Sunday, 14 June 2015

May 21: South to Windhoek

We had to leave Etosha by 8:20 AM, so we were on the road early as usual. We were hoping to see more lions or maybe a cheetah on our way out of the park, but it was not to be. “All” we saw were zebra, kudu, impala, jackal and springbok. How jaded we have become; last week, those would have been exciting. 

This could be an ad photo for Nomad
The drive south was pretty uninspired. South of Etosha are lots of termite mounds. 

There are +20 termite mounds in this one field 
The shape reminds me of something
There are some mountains…

But not a lot of mountains 
Another shape that reminds me of something
But mostly it’s just flat bush land, with the odd place making charcoal.

Not much of anything 
And there's lots of it
We made Windhoek by 3:30 PM. While on the drive through, I thought it was a pretty city, the general consensus is that it’s not a great place. I could not tell why.
Coming into town 
Government buildings can be nice 
Dutch colonial 
A pleasant enough looking town 
There's also Robert Mugabe Ave plus...
...there's roads named after Salk and Banting and Best and Pasteur and Curie and Roentgen -- and Strauss and Verdi and Bach and Wagner and Puccini and Mozart and Liszt and Schubert -- and Freud and Pavlov, and streets named after constellations (Taurus, Gemini, Aries, Virgo, Andromeda, Hydra, Sagittarius) and birds (Albatros, Oriole, Osprey, Kestrel, Kingfisher, Sunbird). Cool town.

A downtown park 
A classic '50s building 
Pretty art gallery 
Even more impressive new National Museum 
Right across from this church 
Now that's a juxtaposition of eras and architectural style 
Pretty building 
Nice gardens
Across the street from that church was the Parliament Buildings and it’s pretty gardens.

The front 
A peaceful garden 
Laid back and impressive at the same time 
Not sure who this guy is but he's leaking 
The steps
We mostly all stayed in tonight and ate at the hotel restaurant, celebrating the departure of the new friends we have made in the last few weeks. There were exchanges of e-mail addresses, hugs and even some tears as our truck family “breaks up”. I think we will miss the camaraderie we have built up over the last 2 weeks.

Tomorrow, we head to Botswana (and lose an hour in the process due to time zone changes).


Today’s Africa Travel Tip: Game Lodges

It’s tough to make a living ranching in many areas of Namibia, Botswana & even some areas of South Africa. Cattle yields are low (assuming you can run them), sheep are worse and goats are worse still. So imagine you’re a farmer with a big tract of land (and the farms in the desert areas are huge). Why not quit farming, sell your cows, build a few guest cabins (which are built for an incredibly cheap price of R800 per square meter) and start a game ranch and lodge? Voila, farmer to the tourist business in one easy step.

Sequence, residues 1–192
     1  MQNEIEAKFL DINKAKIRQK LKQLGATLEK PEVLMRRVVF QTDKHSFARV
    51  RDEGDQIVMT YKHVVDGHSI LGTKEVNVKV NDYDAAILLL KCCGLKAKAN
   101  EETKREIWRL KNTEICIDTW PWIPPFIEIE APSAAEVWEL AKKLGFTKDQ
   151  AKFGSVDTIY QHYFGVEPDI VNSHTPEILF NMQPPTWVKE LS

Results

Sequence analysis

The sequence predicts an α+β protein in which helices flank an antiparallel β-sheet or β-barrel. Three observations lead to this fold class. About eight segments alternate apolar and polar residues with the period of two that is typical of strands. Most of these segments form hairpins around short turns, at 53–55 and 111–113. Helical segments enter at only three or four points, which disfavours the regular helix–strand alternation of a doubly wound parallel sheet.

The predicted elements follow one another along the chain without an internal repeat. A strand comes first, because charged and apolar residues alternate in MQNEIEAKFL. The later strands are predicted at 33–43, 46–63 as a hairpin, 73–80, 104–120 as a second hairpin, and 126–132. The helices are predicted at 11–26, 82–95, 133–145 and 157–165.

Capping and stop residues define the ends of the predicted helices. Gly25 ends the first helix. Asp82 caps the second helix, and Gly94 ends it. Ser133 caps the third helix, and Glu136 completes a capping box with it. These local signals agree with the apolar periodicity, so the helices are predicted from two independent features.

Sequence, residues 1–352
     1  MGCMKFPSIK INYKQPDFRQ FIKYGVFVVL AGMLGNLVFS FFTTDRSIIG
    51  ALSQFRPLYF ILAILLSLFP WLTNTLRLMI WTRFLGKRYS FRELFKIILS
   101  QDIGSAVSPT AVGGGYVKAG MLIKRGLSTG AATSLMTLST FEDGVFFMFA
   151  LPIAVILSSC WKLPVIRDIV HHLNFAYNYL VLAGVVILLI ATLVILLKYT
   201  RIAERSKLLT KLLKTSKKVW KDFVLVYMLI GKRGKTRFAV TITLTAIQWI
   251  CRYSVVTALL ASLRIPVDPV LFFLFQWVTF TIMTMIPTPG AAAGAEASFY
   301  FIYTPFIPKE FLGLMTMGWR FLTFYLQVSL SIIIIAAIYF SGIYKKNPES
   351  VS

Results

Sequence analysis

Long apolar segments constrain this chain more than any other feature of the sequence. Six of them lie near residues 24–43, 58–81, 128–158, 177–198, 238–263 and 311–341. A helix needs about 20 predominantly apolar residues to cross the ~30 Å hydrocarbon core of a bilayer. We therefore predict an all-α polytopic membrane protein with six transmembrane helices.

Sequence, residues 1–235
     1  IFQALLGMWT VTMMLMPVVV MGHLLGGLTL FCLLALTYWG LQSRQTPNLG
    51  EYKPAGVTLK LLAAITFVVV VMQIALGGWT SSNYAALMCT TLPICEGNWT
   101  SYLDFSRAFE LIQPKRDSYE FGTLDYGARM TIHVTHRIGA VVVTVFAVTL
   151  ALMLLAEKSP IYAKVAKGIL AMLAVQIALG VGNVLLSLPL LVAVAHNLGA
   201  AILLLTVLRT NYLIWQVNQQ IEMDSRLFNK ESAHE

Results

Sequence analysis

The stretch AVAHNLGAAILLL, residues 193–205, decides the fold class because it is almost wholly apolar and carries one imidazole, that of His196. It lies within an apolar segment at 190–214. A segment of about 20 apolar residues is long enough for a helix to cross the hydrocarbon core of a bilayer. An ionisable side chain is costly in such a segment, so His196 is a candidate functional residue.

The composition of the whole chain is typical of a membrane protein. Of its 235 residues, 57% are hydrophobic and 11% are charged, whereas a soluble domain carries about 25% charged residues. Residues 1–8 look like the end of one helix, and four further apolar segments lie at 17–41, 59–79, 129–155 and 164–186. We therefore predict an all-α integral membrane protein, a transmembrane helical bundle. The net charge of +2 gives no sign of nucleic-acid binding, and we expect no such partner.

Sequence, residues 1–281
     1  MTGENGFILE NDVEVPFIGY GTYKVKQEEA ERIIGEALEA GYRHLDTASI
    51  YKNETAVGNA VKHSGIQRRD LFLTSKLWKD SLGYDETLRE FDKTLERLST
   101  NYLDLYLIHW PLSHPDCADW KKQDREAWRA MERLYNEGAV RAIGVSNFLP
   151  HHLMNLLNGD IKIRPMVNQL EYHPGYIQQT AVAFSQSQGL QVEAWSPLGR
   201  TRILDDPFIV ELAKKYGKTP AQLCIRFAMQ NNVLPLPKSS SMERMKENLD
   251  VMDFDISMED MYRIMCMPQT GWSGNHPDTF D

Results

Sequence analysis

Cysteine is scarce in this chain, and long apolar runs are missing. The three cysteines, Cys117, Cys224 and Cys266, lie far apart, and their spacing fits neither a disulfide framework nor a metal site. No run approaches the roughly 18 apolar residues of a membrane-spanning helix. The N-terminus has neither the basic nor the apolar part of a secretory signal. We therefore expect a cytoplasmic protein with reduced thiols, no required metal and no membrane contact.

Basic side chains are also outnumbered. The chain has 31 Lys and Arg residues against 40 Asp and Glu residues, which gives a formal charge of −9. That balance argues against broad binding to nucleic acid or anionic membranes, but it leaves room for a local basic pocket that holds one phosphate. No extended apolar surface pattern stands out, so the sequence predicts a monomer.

All you need to do is put a big fence around your property and whatever’s inside – kudus, oryx, lions, springbok, elephants, zebra, and any other critters – are now “yours”. Now you don’t need to do anything except provide a water hole, as all the native animals live just fine on the land. You could go full "eco" and host your own game drives on your property, or you may even hunt most (not all) of the animals on your own land, so you could advertise yourself as a game and hunting lodge; all you need is a professional hunting guide designation to lead hunts on your own farm. Most trophy hunters just want the head; you get the rest of the oryx they kill, and you can sell the meat to restaurants (or you can charge more if the hunter wants the whole thing stuffed).

Game farms or lodges don’t actively farm the animals; they just don’t provide other animals to compete with them for precious water and grass resources. Some don’t even put up fences other than to keep critters off roadways. Some get together with other ranches to build huge private game reserves (there are a couple surrounding Fish Canyon, like the Gondwana CaƱon) that are in some cases bigger than the national parks themselves.

Farms turned game lodges are everywhere in Namibia, and there are a lot in South Africa, too. Some are proud to announce that they have cheetahs or rhinos. Namibia considers this a conservation success as land is reclaimed back to native animal habitat. It also explains why it’s OK to eat game meat in restaurants.

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